Halaesa was an ancient city of Sicily, situated near the north coast of the island. The city was of Siculian origin; in 403 BC the tyrant Archonides of Herbita, having concluded peace with Dionysius I of Syracuse, gave the northern part of his territory to the Sicilians as well as to mercenaries and others who had helped him during the war. He named it Halaesa, to which the epithet Archonidea was frequently added for the purpose of distinction. Others attributed the foundation of the city erroneously to the Carthaginians.

It quickly rose to prosperity through maritime commerce. At the start of the First Punic War it was one of the first of the Sicilian cities to submit to the Romans to whose alliance it was always faithful. It was doubtless to this conduct and to the services that it was able to render to the Romans during their wars in Sicily that it was awarded the status of civitas libera ac immunis which gave it the privilege of retaining its own laws and independence, exempt from all taxation, an advantage enjoyed by only five cities of Sicily. In consequence of this advantageous position it rose rapidly in wealth and prosperity and became one of the most flourishing cities of Sicily.

The city appears to have subsequently declined, and had sunk in the time of Augustus to the condition of an ordinary municipal town, but was still one of the few places on the north coast of Sicily which Strabo deemed worthy of mention.

The site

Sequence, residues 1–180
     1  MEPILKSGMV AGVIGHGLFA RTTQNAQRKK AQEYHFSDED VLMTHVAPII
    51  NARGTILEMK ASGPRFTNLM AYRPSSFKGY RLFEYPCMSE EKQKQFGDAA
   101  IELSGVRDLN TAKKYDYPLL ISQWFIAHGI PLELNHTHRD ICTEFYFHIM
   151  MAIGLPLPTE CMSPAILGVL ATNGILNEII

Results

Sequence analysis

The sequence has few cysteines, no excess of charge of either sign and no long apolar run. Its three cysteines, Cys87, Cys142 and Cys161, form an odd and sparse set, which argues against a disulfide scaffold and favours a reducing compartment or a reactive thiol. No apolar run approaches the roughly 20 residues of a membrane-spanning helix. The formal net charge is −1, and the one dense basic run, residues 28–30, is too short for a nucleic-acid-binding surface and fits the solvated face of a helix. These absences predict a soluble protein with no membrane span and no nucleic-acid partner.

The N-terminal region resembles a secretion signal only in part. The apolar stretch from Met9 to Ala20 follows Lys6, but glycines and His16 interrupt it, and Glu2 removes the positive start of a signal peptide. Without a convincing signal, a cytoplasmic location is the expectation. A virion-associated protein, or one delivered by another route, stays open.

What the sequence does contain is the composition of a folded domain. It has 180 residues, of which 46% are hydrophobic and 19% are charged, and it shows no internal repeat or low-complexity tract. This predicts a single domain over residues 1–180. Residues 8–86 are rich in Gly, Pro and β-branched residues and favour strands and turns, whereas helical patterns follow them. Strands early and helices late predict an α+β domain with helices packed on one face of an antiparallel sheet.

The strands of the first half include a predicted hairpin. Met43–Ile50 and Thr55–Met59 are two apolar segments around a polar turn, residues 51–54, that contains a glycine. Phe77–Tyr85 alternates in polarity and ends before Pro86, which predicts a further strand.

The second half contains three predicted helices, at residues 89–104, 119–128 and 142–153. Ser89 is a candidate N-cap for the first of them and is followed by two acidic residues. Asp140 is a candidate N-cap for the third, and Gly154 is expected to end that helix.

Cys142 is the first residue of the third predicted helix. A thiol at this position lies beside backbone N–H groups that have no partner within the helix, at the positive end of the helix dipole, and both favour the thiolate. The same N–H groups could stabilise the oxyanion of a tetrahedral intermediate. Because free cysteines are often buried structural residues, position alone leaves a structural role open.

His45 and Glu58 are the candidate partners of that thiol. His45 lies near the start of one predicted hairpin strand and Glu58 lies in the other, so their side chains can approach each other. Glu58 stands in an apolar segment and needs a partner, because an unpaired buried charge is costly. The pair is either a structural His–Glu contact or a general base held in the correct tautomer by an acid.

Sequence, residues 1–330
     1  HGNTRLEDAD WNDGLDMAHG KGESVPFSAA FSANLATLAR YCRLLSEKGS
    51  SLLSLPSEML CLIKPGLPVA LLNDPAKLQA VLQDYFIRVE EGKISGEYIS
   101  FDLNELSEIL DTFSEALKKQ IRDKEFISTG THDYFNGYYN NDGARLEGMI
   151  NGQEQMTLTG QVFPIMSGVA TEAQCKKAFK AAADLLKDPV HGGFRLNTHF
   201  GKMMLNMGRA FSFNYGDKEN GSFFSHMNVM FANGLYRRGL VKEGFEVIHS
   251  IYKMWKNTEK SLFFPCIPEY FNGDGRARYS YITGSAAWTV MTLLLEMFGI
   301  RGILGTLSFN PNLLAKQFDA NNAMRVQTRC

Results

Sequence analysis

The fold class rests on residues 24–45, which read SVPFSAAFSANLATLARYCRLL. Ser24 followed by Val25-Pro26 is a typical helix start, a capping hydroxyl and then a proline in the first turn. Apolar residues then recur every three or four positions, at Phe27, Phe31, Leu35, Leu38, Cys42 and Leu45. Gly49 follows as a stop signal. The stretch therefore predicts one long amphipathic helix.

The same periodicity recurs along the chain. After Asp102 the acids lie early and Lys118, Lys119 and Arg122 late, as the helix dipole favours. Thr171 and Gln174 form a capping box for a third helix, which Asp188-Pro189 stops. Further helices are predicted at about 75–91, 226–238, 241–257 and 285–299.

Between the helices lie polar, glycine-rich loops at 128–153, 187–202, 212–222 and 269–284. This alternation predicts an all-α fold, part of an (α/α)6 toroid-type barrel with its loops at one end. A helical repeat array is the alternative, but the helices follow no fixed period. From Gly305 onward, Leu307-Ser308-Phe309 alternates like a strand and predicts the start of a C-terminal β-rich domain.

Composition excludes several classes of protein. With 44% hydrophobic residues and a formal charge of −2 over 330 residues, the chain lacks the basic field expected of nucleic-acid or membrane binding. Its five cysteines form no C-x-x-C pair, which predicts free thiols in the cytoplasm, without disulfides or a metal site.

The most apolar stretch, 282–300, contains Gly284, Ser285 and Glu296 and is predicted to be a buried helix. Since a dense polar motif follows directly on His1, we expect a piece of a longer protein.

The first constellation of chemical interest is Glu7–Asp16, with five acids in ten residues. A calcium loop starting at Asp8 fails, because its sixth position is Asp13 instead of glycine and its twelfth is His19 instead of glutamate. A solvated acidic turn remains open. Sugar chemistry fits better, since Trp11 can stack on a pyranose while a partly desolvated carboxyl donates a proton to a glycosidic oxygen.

The site has been partially excavated starting in 2017. The agora and theatre are among the monuments so far been brought to light. Portions of the aqueduct can be seen and fragments of statues, as well as coins and inscriptions, have been frequently discovered on the spot.



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SP177, Tusa, Italy
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Founded: 403 BCE
Category: Prehistoric and archaeological sites in Italy

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4.1/5 (based on Google user reviews)

User Reviews

Susanne Wiegand (13 months ago)
Worth seeing for a short stop with a great view. Free entry or small donation.
Mauro Malpighi (2 years ago)
Place a lost Po. It could be kept better. Interesting overall.
Пикник и самовар (2 years ago)
If you go for archeology go your way. There is absolutely nothing to see anything! What are the reasons to go anyway? - In July there are excavations and it must be possible to see archaeologists work on one of the 3 sites in the morning. - On a clear day it is possible to see the Lipari Islands cut out on the horizon and admire the exceptional surroundings around - To consider the location of the very latest Greek theater discovered in 2018 facing the sea and just beginning to excavate. For the rest nothing!
Francesco Saverio Modica (3 years ago)
One of the most important ancient cities of northern Sicily. A site that has to give still many surprises for the studies. In the summer months there are several universities with archaeological excavations at the Temple of Apollo on the North Acropolis, in a building on the South Acropolis, in the district to the south of the agora and to conclude at the theater, discovered this summer.
Ludo de Graaf (3 years ago)
Some people write that there is nothing to see: not true. We got a nice tour in the little museum by a lady who only speaks Italian but knows the site and many details. And you can walk on the small agora and see ancient walls.
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